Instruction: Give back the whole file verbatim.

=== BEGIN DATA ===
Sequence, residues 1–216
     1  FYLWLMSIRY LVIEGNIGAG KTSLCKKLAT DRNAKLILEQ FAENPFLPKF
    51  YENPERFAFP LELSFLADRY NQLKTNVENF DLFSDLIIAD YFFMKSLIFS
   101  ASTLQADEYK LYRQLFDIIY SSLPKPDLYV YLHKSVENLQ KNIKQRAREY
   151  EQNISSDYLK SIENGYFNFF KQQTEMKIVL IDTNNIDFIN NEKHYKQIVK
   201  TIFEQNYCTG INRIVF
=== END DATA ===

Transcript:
Sequence, residues 1–216
     1  FYLWLMSIRY LVIEGNIGAG KTSLCKKLAT DRNAKLILEQ FAENPFLPKF
    51  YENPERFAFP LELSFLADRY NQLKTNVENF DLFSDLIIAD YFFMKSLIFS
   101  ASTLQADEYK LYRQLFDIIY SSLPKPDLYV YLHKSVENLQ KNIKQRAREY
   151  EQNISSDYLK SIENGYFNFF KQQTEMKIVL IDTNNIDFIN NEKHYKQIVK
   201  TIFEQNYCTG INRIVF